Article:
NFL: A Super Bowl of Marijuana May Cure Our Concussion Crisis
Football fans and stoners alike are gearing up to watch the Seattle Seahawks battle the Denver Broncos at the MetLife Stadium in New Jersey this Super Bowl Sunday. Many are calling this Stoner Bowl 2014 because the teams hail from states that have boldly declared recreational marijuana legal. You can bet, history will be in the making, not only will there be more people than ever watching the Super Bowl legally stoned this year, but the NFL may be soon looking to a super bowl of marijuana to cure it’s concussion crisis.
The NFL May Consider Medical Marijuana
NFL Commissioner Robert Goodell, told USA Today on January 23, 2014, the NFL would consider allowing athletes to use marijuana to treat concussions and other head injuries if medical experts deemed it a legitimate solution. “I’m not a medical expert. We will obviously follow signs. We will follow medicine and if they determine this could be a proper usage in any context, we will consider that,” Goodell said. “Our medical experts are not saying that right now.”
While Seahawks cornerback Brandon Browner will be watching the Super Bowl from home as a result of an indefinite suspension from smoking weed, his coach Pete Carroll agrees that the NFL should look into medical weed as an option. “I would say that we have to explore and find ways to make our game a better game and take care of our players in whatever way possible. Regardless of what other stigmas might be involved, we have to do this because the world of medicine is doing this,” Carroll said at a news conference January 27 in a press conference following the Seahawks first practice of Super Bowl week.
The NFL’s concussion crisis could cripple its’ annual $9Billion revenue, not to mention the lives of players and the hopes of fans. Frontline aired an investigative report titled ‘League of Denial the NFL’s Concussion Crisis’ in October 2013 based on the Book League of Denial: The NFL, Concussions and the Battle for Truth written by Mark Fainaru-Wada, Steve Fainaru. The book and film detail the gross negligence committed by the NFL and the tragic stories of players losing their minds temporarily and permanently from repeated trauma to the brain. Central to the story is #52 Iron Mike Webster, defensive linemen for the Pittsburgh Steeler’s in the 1970’s. Webster led his team to four Super Bowls, played 17 years and ended up dead at 50. He was one of the first players to file suit against the league for disability due to head trauma and the onset of dementia. He was also the first post-mortem patient that would prove continuous trauma to the head would result in CTE (Chronic Traumatic Encephalopathy) a degenerative brain disease associated with contact sports.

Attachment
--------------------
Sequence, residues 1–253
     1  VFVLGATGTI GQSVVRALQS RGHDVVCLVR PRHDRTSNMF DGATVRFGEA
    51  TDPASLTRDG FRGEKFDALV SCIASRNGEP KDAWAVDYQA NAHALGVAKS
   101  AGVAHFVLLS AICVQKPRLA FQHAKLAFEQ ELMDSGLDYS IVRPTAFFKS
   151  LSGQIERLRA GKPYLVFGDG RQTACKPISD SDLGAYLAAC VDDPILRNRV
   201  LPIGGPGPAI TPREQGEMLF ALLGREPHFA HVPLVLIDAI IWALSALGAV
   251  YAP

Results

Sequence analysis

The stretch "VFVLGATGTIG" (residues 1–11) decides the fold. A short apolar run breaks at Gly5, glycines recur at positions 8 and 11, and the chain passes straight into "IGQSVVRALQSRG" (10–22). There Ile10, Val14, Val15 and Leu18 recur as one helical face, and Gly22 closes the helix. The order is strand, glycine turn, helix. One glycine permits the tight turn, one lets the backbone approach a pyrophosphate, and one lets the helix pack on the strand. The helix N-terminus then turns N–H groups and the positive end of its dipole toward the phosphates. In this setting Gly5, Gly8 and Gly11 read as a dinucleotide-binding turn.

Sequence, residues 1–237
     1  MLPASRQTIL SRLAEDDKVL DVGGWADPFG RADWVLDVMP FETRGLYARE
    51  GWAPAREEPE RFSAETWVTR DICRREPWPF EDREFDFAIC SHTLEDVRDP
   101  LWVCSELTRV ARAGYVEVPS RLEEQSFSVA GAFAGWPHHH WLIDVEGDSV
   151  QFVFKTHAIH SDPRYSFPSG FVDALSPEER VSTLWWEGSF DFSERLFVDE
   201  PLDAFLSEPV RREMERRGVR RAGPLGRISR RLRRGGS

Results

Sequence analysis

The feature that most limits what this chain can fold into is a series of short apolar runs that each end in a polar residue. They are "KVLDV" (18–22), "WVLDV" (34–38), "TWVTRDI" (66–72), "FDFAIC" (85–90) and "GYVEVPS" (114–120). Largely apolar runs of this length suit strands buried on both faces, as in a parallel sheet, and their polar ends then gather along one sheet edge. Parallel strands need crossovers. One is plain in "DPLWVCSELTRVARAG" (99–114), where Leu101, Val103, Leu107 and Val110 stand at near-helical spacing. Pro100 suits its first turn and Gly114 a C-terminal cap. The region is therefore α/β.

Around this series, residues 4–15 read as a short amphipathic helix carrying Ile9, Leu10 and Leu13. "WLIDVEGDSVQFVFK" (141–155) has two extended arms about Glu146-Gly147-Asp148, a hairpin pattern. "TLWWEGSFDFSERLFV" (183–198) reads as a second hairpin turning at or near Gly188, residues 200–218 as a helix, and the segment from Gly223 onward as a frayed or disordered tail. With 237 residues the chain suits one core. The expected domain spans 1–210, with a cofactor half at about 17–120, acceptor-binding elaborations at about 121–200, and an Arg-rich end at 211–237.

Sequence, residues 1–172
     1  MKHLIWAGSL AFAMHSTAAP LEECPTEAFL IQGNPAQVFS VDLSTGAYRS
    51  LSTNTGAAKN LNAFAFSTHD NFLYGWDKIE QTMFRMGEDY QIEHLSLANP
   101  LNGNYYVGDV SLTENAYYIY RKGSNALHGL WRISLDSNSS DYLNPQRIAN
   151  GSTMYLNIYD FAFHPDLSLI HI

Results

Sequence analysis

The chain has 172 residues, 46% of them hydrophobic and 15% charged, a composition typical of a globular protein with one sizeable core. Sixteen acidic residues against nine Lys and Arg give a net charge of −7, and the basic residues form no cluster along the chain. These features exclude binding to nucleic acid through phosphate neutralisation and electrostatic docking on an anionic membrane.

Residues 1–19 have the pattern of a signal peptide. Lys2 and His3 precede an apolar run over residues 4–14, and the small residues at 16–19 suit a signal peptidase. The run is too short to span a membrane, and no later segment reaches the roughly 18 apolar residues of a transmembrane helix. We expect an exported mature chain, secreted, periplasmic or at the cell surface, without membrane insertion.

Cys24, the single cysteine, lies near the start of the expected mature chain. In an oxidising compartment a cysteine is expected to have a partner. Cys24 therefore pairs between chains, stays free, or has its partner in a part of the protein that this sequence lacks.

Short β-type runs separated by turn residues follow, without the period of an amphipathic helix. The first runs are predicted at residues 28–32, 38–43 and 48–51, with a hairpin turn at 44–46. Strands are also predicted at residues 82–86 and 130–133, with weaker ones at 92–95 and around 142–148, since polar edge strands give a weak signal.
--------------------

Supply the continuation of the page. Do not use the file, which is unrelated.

The NFL and Commissioner Goodell not only have Frontline to contend with two weeks ago on January 15, 2014 a federal judge in Philadelphia denied a preliminary approval of a $765 million settlement for NFL concussion claims, fearing it may not be enough to cover the 20,000 retired players.
For now medical marijuana remains on the NFL’s banned substances list. And removing it seems problematic since the feds and interstate commerce laws still consider it illegal and prohibit it from being transported across state lines. So other than being used to capturing media attention and divert attention from a very serious problem marijuana isn’t going to do much to help the NFL right now.
Leave a Reply